Going to non-catholic wedding question

Can catholic go to non-catholic wedding (civil, protestanat) ? I mean situations when invited by neighbor or co-worker.

Certainly, presuming that it is not an invalid attempt at marriage (i.e., a “second” marriage for one or both).

The Catholic should refrain from participating in the non-Catholic worship service in inappropriate ways-- for example, non-Catholic communion services.

I believe that it makes a difference when a baptized Catholic(s) are having a non-Catholic(civil, protestant, new age etc.) “ceremony”. I once asked a holy Bishop if my husband could be the "best man " at his brother’s wedding (his brother was a non-practicing Catholic and he was marrying a *Jewish woman and the non-denominational woman minister was performing a “generic” outdoor wedding)
The Bishop said,"No."
To be sure, if it is an
“invalid” wedding ***or an “illicit” union, ask a theologian here on CAF.

Attending a wedding and participating in one as a best man are two different things–especially in the situation you describe where a Catholic was marrying outside the Church.

I have attended non-Catholic weddings. Usuallythere isn’t a communion service–just some readings and the vows. I wouldn’t go to a “second” wedding or one that you know to be invalid in any other way. Simply thank them for the invitation but send in your regrets. No need to go into a long explanation about why you are not attending. If you know the couple well, hopefully you would have brought up your concerns long before wedding invitations were mailed. If you don’t know them that well, your concerns probably aren’t going to be taken seriously. Just pray for the couple in question.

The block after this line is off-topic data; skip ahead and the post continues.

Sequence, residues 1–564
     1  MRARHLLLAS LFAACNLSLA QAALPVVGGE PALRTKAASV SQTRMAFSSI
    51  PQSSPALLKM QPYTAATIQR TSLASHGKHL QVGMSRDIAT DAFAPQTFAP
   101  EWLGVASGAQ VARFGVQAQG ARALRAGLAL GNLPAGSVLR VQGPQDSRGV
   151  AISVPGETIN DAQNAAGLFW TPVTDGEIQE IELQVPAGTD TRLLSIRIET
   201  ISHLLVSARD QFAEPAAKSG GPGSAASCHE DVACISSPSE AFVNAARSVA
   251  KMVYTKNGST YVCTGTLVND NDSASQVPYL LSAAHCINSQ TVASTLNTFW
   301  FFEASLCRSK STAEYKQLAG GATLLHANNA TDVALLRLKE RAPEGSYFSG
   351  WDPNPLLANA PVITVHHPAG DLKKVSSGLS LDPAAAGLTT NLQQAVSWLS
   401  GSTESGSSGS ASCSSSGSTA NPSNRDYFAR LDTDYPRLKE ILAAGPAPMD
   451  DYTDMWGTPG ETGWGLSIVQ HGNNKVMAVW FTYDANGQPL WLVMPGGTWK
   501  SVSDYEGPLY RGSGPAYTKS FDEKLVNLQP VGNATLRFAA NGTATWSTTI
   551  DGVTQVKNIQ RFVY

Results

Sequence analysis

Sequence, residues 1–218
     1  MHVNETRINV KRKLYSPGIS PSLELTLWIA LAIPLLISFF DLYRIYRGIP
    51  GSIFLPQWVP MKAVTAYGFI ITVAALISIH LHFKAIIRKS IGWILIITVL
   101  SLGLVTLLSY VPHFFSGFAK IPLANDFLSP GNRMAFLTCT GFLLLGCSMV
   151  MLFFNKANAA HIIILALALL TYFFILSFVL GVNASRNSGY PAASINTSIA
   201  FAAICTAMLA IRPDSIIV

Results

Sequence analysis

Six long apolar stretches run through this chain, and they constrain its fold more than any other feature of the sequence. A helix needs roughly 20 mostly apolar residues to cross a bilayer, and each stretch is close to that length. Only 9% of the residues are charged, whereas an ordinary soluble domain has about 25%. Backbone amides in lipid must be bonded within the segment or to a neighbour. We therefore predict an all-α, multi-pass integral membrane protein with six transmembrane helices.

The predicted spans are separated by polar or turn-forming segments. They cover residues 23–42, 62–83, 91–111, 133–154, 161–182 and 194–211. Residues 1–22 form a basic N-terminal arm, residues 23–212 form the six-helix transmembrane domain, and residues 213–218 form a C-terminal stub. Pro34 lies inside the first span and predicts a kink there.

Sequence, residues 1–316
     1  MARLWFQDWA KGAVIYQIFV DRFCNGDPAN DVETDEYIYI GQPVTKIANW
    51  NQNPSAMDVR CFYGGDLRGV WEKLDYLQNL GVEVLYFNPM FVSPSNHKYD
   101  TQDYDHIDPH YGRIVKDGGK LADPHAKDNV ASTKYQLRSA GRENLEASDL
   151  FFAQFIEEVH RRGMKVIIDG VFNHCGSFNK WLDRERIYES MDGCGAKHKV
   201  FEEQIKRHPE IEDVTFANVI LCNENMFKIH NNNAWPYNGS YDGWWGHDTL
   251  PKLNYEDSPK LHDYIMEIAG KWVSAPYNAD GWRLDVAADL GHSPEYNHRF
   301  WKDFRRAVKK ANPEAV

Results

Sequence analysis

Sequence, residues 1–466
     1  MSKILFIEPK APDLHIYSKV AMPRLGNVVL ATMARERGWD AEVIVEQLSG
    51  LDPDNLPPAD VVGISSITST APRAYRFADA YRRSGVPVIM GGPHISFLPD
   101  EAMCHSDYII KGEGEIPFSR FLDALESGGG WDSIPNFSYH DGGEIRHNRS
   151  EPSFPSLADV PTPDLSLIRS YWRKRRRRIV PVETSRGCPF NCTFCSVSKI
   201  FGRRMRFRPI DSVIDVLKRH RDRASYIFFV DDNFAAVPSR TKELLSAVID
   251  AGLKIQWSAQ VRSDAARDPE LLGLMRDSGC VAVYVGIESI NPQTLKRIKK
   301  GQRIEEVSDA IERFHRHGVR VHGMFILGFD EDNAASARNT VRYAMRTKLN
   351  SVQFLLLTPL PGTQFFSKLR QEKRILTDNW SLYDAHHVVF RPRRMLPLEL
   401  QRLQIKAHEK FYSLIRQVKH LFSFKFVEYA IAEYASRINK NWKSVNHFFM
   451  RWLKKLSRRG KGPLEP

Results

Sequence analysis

These sort of things always get a little hairy for me:

  1. Do you judge the appropriateness of the wedding based on your beliefs, or the beliefs of the party? If the couple is free to marry in their religion, is that different than if they are not free to marry in their religion?

  2. How do you determine the appropriateness of the situation? If a Catholic couple is being married outside of a Catholic church, do you request to see a copy of the Dispensation from Canonical Form or do you just assume that they don’t have it? Do you ask if they’ve received annulments, or do you just guess that they haven’t if it has never been mentioned?

  3. If a person was baptized Catholic and has decided to leave the Church, is that to be treated differently than a non-Catholic? Does a person have a right to leave the Church or must they always be subject to Canonical Form in the eyes of Catholics?

I did not attend my sister’s “first” wedding because she married a divorced Catholic and they got married at an episcopal church. My whole family was shocked. Some stopped speaking with me for a time…my* sister*-not at all for two years-and now, only with contempt. There will be persecution, so be prepared! God’s grace will be necessary.

You judge it based on objective truth.

What their religion teaches about marriage is not relevant.

We always act with the utmost charity when we lack facts.

Yes, it is.

Only if they formally defect-- which is a canonical procedure. Otherwise, they are bound by Catholic form.

Seek spiritual direction from a trustworthy (faithful to the Magisterium) priest , if you have any doubts.Ask a theologian here at CAF! God Bless.

Then should I not attend non-Christian weddings, since they are invalid? Specifically, if invited to a Hindi wedding, am I supposed to not attend?

Non-Christian marriages that have no divine law impediments (such as a prior marriage) are perfectly valid. Therefore, you would certainly be able to attend.

I’m not sure where you got the idea that a non-Christian marriage would be invalid. It is not a sacrament, it is a natural marriage, but that is not the same thing as validity.

The Church recognizes marriage between the unbaptized as well as between baptized non-Catholics.

If there are no impediments-- such as prior marriages-- then certainly.

I’m not sure why so many Catholics believe that the Catholic Church only recognizes Catholic marriages as valid and/or sacramental. This is simply not Church teaching.

Originally Posted by FastLearner View Post

  1. Do you judge the appropriateness of the wedding based on your beliefs, or the beliefs of the party? If the couple is free to marry in their religion, is that different than if they are not free to marry in their religion?
    You judge it based on objective truth.

What their religion teaches about marriage is not relevant.